Zen and the Art of Cooking: Eric Ripert, Chuck Norris and Riding the Wave
Hopefully the title got your attention. I stumbled across an interesting post today (courtesy of Michael Ruhlman’s blog) by Chef Shuna Fish Lydon on the subject of becoming lost in “the weeds” (see links to both blogs below).
Work smarter, not faster. I wish I had a dollar for every time I’ve heard that catch phrase. More than once I’ve been tempted to reply “I’ll work faster if you’ll work less stupid”. If the goal to working faster is more done in less time, how does one accomplish it? In my experience, being smarter doesn’t help because a person rarely has time to use brains in a “fire-fighting, get-out-of-the-weeds as fast as possible, do-or-die” type scenario. There simply isn’t time to apply intellect to the situation, one has to react instinctively. To the ancient Chinese a man with a library full of books was a scholar, useful for providing solutions which could be derived through book learning. But the man who had moved beyond books, beyond applying lessons learned, the man who could react instinctively to any situation – such a man was a sage. The Chinese knew the difference between being smart and being wise. It’s a very Zen like concept. In fact, in it’s heart, it is Zen.
I was watching a podcast the other day from Chef Eric Ripert of the three Michelin starred Le Bernardin restaurant in New York (recommended, check it out at http://www.aveceric.com). In preparing dishes as simple as broiled snapper or parmesan zucchini he said repeatedly “The way I’m seasoning I’m not too far, I’m not too close to the fish – maybe five inches from the top of the fish – and I’m very focused on it… I make sure when I’m doing the seasoning that I’m very focused.”
Chef Ripert should trademark the move and call it “The Anti-Bam”. If you saw the Anthony Bourdain’s: No Reservations episode where Bourdain stepped back into the kitchen at Les Halles, you heard him say how freaked out he was by how well Chef Ripert, manning the grill station, was doing in handling the pressure and volume of orders, all without making any sudden moves. “Worse,” says Tony, “he actually looks… happy.” At my office we call it zen mode. Bourdain calls it “riding the wave”. We’re talking about the same thing, that focused level of intensity where all your knowledge and experience comes oozing out of every pore of your body instinctively without any thought process happening at all. Sometimes, you are not even aware of what you are doing.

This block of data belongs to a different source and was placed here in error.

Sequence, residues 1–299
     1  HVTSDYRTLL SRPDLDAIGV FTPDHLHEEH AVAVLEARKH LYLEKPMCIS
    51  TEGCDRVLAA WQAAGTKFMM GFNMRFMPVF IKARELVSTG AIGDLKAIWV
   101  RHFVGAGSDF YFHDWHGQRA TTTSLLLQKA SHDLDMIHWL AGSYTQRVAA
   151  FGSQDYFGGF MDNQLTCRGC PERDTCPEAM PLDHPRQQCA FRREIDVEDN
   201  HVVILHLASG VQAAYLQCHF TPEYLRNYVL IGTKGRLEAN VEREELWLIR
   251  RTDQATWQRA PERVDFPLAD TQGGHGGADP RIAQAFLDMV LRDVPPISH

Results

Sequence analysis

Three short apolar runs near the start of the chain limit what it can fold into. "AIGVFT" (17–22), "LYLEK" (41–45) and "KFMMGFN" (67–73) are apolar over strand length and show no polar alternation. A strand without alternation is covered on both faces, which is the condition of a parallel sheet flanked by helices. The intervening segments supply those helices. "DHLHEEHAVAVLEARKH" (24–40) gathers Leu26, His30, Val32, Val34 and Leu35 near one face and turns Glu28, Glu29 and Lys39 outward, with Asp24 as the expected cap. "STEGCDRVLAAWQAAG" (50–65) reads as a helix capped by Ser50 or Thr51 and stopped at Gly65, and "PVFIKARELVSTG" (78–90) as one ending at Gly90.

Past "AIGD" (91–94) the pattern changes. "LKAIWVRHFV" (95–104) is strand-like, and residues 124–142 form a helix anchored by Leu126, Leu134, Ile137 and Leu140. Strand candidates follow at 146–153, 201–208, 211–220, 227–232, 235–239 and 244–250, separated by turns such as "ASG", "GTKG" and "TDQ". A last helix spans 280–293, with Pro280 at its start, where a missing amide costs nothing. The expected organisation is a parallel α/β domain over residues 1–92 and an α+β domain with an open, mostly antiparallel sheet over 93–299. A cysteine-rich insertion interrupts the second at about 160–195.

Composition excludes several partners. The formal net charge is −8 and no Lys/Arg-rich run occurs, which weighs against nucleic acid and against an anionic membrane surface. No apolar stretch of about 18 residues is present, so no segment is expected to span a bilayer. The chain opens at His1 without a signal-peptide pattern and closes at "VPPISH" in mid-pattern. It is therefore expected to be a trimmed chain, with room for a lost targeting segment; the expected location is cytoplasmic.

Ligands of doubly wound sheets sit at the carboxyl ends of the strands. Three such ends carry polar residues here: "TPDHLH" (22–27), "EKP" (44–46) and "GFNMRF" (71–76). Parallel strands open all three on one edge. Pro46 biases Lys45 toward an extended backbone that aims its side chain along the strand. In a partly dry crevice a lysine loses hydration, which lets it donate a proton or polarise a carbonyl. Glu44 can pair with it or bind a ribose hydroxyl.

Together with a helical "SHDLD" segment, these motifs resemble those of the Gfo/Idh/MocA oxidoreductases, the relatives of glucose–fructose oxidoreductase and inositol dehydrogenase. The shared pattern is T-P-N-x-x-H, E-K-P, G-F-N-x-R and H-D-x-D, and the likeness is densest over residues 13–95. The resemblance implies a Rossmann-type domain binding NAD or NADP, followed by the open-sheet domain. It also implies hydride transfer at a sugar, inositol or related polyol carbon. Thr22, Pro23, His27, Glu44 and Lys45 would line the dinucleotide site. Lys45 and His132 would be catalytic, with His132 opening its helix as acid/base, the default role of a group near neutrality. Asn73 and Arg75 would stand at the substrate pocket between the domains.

There is great story in Chuck Norris’ book The Secret Power Within. Yes, the man can write, and we all know you don’t mess with Chuck. He recounts a time when he and pal Bruce Lee were training in Bruce’s backyard. Despite Bruce’s ability, Norris was able to land every kick he threw at Lee . Finally Lee stopped to ponder why all his attempts to block the kicks had failed. The answer Norris gave him was that by speeding up his blocks his timing was thrown off. The lesson was that to go faster, you must first slow down. The next time you see someone getting lost in the weeds, pay attention to how fast they are moving. Watch how many times they have to back up, retrace their steps, or are forced to do something over again. In most cases such second attempts are caused by not taking the time to do it right the first time. Speed is relative. Doing something now in such a way that it will cause you to have to do it over a second time in order to get it right takes more time than moving more slowly and getting it right to start. By messing up and having to correct your mistakes, you create an endless spiral of rushing around because you are behind, rushing to re-do what you did wrong, then rushing more because now you are further behind than ever.
It’s not an easy concept to grasp. Try teaching that to a room full salespeople, all Type A personalities. Believe me, I’ve tried. Eventually it does sink in for them. To get out of a ditch you’ve dug yourself into the first thing you have to do is stop digging. The act of stopping is the key point. Once you have stopped, you are not rushing. Equilibrium starts to return to your brain. You begin to breathe normally. Your vision clears, and instead of looking down at your task you find yourself looking up at your surroundings. Once your eyes are open to the bigger picture, the solution to your troubles very often presents itself. Once your realize that going faster sometimes involves first slowing down, you take the giant step from being a scholar only capable of applying book-learned lessons, to acting instinctively without conscious though. You become a sage.